Overpopulated areas in third-world countries are always at higher risk of contracting viruses from animals. Also, those who work in the poultry industry could be at risk.

How do we reduce our risk?

To be blunt, you should “buy American.” The United States has the most stringent laws pertaining to the animals we import and consume. Currently, the U.S. Department of Agriculture is taking biosecurity measures at our borders where birds are concerned. Of course, we still have wild birds to be concerned about, but living in the United States puts you in a lower risk category.

In short, the bird flu is a real condition, but is still a rare condition. Scientists all over the world are keeping a close eye on the emerging disease. Since cases have been reported for over 10 years and we still haven’t seen a large breakout among humans, this is a good sign. However, it is important for us to continue proper surveillance of domestic and wild animals. In the meantime, your energy is probably better used on worrying about the November election and not a theoretical bird flu pandemic.


Heather Johnson is a regular commentator on the subject of CNA Online.
She welcomes your feedback and potential job inquiries at heatherjohnson2323 at gmail dot com.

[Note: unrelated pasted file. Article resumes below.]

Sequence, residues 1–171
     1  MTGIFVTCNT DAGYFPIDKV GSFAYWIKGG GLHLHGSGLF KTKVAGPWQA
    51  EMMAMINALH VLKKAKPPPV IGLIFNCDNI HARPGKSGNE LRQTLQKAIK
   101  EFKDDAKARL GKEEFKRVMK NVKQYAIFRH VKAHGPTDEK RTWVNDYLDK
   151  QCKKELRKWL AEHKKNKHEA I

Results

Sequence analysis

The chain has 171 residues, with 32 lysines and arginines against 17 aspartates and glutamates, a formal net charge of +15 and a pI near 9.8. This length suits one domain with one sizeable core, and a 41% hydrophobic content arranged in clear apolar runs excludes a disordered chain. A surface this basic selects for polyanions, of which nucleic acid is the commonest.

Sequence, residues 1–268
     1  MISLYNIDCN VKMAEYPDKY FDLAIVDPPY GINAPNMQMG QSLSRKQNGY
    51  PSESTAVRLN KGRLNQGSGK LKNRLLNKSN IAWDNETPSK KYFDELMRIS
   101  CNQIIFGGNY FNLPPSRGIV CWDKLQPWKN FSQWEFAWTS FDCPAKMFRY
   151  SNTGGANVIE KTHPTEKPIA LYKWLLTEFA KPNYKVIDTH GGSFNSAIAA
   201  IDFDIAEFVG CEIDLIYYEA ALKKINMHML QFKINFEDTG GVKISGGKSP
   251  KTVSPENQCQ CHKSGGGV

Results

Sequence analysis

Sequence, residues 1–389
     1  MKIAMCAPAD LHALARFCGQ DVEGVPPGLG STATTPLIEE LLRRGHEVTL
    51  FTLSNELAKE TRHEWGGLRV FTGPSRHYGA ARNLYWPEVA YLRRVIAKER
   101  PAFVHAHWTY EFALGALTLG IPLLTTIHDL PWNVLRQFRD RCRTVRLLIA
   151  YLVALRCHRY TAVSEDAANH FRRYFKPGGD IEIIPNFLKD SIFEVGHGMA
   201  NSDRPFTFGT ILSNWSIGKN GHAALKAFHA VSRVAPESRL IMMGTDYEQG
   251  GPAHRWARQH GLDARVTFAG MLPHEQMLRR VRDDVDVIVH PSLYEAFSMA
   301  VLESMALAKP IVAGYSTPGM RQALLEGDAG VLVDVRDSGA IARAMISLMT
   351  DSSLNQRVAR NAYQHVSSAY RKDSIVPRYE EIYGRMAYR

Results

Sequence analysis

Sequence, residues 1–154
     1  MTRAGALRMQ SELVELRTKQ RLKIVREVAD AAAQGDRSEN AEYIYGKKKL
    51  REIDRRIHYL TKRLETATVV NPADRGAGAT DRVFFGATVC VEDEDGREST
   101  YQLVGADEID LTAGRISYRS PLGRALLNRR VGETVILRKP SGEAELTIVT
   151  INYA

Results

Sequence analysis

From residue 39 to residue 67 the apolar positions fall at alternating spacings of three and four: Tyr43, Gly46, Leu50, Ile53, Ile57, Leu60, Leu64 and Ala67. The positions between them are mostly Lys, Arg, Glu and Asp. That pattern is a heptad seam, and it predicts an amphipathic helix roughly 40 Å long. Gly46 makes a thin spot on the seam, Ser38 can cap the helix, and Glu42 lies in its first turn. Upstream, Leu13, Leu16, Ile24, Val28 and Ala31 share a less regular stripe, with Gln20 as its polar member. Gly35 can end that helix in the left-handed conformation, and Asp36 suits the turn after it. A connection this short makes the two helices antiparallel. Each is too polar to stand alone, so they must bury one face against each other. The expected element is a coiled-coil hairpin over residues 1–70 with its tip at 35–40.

Note: Her email address is spelled out in an effort to abate electronic robot spammers from spamming her.

Explore posts in the same categories: Guest Blogger, Pandemic

8 Comments on “The Bird Flu Threat: Real or Exaggerated?”

  1. To be blunt, you should “buy American.”

    I second that motion!!!

  2. jollyroger Says:

    But it sounds so cute

    Getting a bit bored with the scaremongering and need to know the unbiased facts of this rampaging global killer, from China?


    So you’ve had a dire-ria day. Get compacted home. No post, no messages, no food. After finishing microwaving your Kiev you switch on the box. There he is, John Simpson telling you chicken is ill, and here’s another picture of your walking chicken Kiev, and here’s one being slaughtered. O wait there’s a professor telling you he’s concerned. And there’s the bin, and there’s your poultry Kiev in a sea of value eggs and edd the duck puppets.

    …more at

  3. Starlight Says:

    I think the threat of pandemic flu is actually much greater than most people realize.

    There was a lot of media attention several years ago, and some people seemed to believe that pandemic flu would begin in the next “flu season.” When that didn’t happen, they thought that the threat was overblown.

    But there was never a time limit on when a pandemic would start. The scientists and public health people didn’t say that.

    The H5N1 virus is still out there, still infecting birds, still infecting people, still spreading across Asia, Europe, the Middle East, and Africa. This morning we got news that 17 people are suspected to have avian flu in Egypt.

  4. Starlight Says: